Last Updated on May 20, 2015, by eNotes Editorial. Word Count: 1409
Another Us, later indicated as Young Man and The Grass Chewer, lies on his back chewing a piece of grass. He tells the others that he is not concerned with the White Devils, stating that "when I get ready to go up that hill—I'm going!" But he promptly rolls over and goes to sleep, indicating his apathetic attitude toward the idea of putting any effort into fighting for racial equality.
Another Young Us
Like the first Young Us, Another Young Us argues with the Old Lady that working hard does not accomplish anything in terms of improving the socioeconomic status of the Us's.
Average argues that what's needed to improve the status of the Us's is "the right leaders." He is critical of the idea of holding a meeting to talk about what can be done, asserting that talking gets them nowhere. Average also expresses hopelessness about the Us's ever making it up the hill. Average represents an average attitude of complacency about the status of the Us's. He tells the other Us's that they "better stay safe and sound" where they are, because at least they have food and shelter. The average person, this character indicates, would rather accept what he has than take the risk of fighting for greater equality.
Cornerstone argues that the problem is not a lack of good leaders to stove for greater equality but the lack of unity among Us's, which makes the leaders' work ineffective. She points out that holding a meeting is important because talking is better than not talking. When her son Finest Blood volunteers to sacrifice his blood to the conjurer, Cornerstone volunteers to sacrifice her own blood instead but is persuaded not to. The Old Man eventually convinces her that it is important for Finest Blood to confront the White Devils. Cornerstone represents the cornerstone of her community, supporting others in their efforts to work toward equality for the Us's and yet remaining protective of her son and daughter.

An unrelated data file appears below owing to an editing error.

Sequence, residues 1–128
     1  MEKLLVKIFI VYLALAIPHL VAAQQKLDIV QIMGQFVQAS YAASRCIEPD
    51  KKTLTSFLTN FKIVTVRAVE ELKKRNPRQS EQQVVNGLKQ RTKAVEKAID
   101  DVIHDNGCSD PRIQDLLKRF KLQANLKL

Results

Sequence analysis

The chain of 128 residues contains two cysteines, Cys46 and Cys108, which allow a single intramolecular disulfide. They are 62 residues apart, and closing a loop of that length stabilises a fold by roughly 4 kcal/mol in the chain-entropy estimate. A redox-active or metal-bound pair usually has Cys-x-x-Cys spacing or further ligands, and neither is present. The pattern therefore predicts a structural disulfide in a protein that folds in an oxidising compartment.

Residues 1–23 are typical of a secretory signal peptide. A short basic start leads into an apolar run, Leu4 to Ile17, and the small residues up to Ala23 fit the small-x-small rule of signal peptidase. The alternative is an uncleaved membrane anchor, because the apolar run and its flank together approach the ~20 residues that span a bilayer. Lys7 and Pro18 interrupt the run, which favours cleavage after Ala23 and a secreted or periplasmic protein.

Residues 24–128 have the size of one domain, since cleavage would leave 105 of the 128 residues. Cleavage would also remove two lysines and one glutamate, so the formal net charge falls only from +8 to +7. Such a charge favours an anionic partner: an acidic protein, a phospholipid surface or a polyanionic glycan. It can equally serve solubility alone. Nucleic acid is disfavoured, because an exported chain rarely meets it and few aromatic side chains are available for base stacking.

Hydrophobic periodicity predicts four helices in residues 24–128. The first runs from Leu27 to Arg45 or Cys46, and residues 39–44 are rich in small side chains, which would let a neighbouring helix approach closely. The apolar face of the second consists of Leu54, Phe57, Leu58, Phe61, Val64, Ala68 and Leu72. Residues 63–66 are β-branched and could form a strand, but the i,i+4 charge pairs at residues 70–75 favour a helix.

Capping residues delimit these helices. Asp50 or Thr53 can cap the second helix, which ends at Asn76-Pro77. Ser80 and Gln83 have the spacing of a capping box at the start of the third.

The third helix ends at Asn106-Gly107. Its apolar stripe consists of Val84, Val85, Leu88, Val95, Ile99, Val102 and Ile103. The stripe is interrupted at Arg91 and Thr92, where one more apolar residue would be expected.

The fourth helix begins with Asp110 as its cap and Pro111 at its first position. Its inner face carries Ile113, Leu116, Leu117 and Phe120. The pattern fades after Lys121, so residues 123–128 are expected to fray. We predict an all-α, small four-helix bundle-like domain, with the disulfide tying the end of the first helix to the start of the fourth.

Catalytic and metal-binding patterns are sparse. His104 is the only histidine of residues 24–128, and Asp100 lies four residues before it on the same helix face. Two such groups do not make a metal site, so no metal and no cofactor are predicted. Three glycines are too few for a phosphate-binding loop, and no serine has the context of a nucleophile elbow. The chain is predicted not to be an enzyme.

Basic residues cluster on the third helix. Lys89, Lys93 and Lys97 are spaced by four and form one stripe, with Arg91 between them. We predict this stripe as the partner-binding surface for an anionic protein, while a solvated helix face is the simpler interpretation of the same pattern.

First Young Us
Young Us, later referred to as First Young Us, argues with the Old Lady that there's no point in working hard all one's life if it "doesn't get you anywhere.'' He compares a life of labor to "boring around in the same hole like a worm,'' which only results in "making the hole bigger to stay in." A Young Us represents the viewpoint that simply laboring away at the type of menial job available to the African Americans will not accomplish anything in terms of improving the socioeconomic status of the race. The Young Us later argues with the Old Us that he should not spend so much time talking to God to ask for His help but should give God a chance to talk to him. The Young Us is later full of skepticism when the Old Man tries conjuring to help the Us's.
The Grass Chewer
See Another Us
The Man of the Gold Bags
See The Newcomer
The Middle-Aged Woman
The Newcomer, described as "a square-set middle-aged Us," walks up to the group of Us's carrying a heavy bag of gold, which he drops to the ground. He explains that, even though he has money, it doesn't get him anywhere, because the White Devils refuse to sell him any land or property on the hill. His character represents the effects of racial prejudice that prevents even financially successful African Americans from buying homes or other property in desirable locations.
An Old Lady
The Old Lady laments that she will never live to see the purple flower. She insists that"something's got to be done" about the White Devils, but she is convinced that "we ain't never going to make that hill'' The Old Lady represents an attitude of defeatism, because she has spent her whole life working like a slave for white people and has lost hope of ever attaining racial equality.
An Old Man
The Old Man arrives beating a drum, which gets the attention of all of the Us's. After an Old Woman states...
(The entire section contains 1409 words.)
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